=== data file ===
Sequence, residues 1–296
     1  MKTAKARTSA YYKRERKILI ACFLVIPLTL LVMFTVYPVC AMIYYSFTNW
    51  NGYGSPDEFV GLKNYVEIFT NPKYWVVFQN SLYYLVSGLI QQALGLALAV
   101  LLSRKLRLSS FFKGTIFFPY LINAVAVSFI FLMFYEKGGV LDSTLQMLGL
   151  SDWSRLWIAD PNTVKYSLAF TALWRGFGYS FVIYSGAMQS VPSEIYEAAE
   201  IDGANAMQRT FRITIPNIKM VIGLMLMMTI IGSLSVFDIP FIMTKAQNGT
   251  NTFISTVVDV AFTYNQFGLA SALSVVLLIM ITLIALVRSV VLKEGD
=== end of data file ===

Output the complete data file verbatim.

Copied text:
Sequence, residues 1–296
     1  MKTAKARTSA YYKRERKILI ACFLVIPLTL LVMFTVYPVC AMIYYSFTNW
    51  NGYGSPDEFV GLKNYVEIFT NPKYWVVFQN SLYYLVSGLI QQALGLALAV
   101  LLSRKLRLSS FFKGTIFFPY LINAVAVSFI FLMFYEKGGV LDSTLQMLGL
   151  SDWSRLWIAD PNTVKYSLAF TALWRGFGYS FVIYSGAMQS VPSEIYEAAE
   201  IDGANAMQRT FRITIPNIKM VIGLMLMMTI IGSLSVFDIP FIMTKAQNGT
   251  NTFISTVVDV AFTYNQFGLA SALSVVLLIM ITLIALVRSV VLKEGD